Review: Magonia by Maria Headley

magonia by maria headleyPublished: April 28 2015

Number of pages: 309

Format: hardcover

Publisher: Harper

Genre: magical realism, romance, adventure, scifi, parallel universes

Audience: YA

Rating: 4/5 owl hoots

Find it on Goodreads | Chapters Indigo

Summary:

Since Aza Ray was born she always had problems breathing. The doctors could only provide her with drugs to keep her alive and hope for the best. When Aza catches a glimpse of a flying ship in the sky, her family thinks she is hallucinating, but Aza doesn’t think so. She knows what she saw and she can hear someone calling her name. Only her friend Jason listens and has stood beside her almost all of her life. Aza wonders if her feelings for Jason are more then just friendly but before she can discover, the sickness consumes her and Aza is lost to her world until she finds herself swept into another called Magonia. As Aza navigates her new life she realizes that Magonia and Earth are at a war with each other. Where do her loyalties lie?

My Review:

After reading Neil Gaiman’s quote on the cover of the book, I knew I had to read it. A strange yet unique story about a girl with a sickness in her lungs and leaves our world entering into a new one filled with flying ships, feathered people, pirates, and birds (lots of birds!) This is unlike any magical realism story, it’s really bizarre but in a good way especially when we find out that our heroine, Aza Ray is caught in the middle of a possible war between the Magonians and the Drowners (humans).

Aza Ray always had problems breathing but not even all the best medication in the world can cure her disease. It turns out that the reason why she has trouble breathing in her world is because she doesn’t belong there. After a tragic accident, Aza is swept away to an alternate world in the skies where she meets these blue-feathered people who fly on ships, and carry birds inside their lungs to sing and change elements. I can’t explain why but while reading about the strange blue people, I couldn’t help imagine them as the aliens from the Avatar movie. Their profiles are described as blue skin with long fingers and change into birds! This is where the bizarreness is but that only makes the aliens more interesting. I love how Maria builds up the Magonian world and how she does a show and tell of this strange civilization. There is history between the Magonians and the Drowners (humans) which is essential to understanding why these two civilizations are divided. This other world that Maria has created fascinates me and I’m eager to learn more about the origins of Magonia, and the bird people that came with it.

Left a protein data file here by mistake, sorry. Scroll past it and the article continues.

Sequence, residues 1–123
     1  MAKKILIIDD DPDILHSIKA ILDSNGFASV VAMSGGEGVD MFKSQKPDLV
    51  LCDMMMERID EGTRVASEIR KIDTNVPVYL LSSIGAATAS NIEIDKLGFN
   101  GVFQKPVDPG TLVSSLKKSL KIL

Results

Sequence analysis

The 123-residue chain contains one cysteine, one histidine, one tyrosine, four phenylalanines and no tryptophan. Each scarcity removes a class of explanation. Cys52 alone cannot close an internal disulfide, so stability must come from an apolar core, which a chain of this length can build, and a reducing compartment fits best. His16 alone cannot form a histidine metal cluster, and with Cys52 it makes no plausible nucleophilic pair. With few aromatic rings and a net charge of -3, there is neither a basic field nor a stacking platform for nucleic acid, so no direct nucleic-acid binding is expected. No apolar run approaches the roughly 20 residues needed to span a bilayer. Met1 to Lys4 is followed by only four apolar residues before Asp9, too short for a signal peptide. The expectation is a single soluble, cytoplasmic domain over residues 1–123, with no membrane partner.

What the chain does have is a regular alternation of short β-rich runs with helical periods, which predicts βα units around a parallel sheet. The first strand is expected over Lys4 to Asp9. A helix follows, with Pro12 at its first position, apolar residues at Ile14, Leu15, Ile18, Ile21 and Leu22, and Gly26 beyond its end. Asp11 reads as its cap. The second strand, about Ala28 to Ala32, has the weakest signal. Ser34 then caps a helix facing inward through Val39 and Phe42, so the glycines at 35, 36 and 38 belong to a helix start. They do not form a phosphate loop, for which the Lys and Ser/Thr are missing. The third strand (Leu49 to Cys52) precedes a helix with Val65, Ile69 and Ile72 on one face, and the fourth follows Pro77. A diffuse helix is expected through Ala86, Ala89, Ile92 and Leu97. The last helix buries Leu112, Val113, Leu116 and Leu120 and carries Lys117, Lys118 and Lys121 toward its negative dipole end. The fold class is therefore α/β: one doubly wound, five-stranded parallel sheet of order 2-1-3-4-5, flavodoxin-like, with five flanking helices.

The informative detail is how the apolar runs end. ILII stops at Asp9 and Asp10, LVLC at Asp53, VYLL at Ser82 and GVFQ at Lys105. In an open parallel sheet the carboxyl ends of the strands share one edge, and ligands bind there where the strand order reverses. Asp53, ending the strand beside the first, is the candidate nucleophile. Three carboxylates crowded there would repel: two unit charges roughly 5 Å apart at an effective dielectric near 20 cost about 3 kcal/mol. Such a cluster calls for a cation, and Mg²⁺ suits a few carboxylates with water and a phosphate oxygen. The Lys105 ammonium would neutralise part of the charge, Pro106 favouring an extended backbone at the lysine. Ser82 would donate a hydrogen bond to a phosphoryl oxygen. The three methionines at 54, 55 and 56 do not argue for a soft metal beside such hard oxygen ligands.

The formatting is very unique too. There are words that fall off the page and crossed out to show the character’s denial of their feelings, which is something that I’ve never seen before. We have two POVs: Aza and Jason, a girl born from the skies and a boy from Earth whom she falls in love with. They have known each other since childhood and have liked each other for so long but never had a chance to admit their feelings. The tragic moment scene was really bittersweet and emotionally intense because it reminds us how we don’t realize how much we love someone until it is too late.

Lastly that ending was something out of an apocalyptic movie! The battle ship scenes, the fight between Magonians vs. pirates, and the doomsday that almost befell Earth was so overwhelming that I couldn’t drop the book; I had to keep going to see how it ends. But I didn’t expect a cliffhanger as I thought this was a stand-alone book. On the other hand, this is a series that I would like to keep reading as I see a lot of potential with the characters and the world of Magonia. But this also means that we have to wait another year for the sequel!

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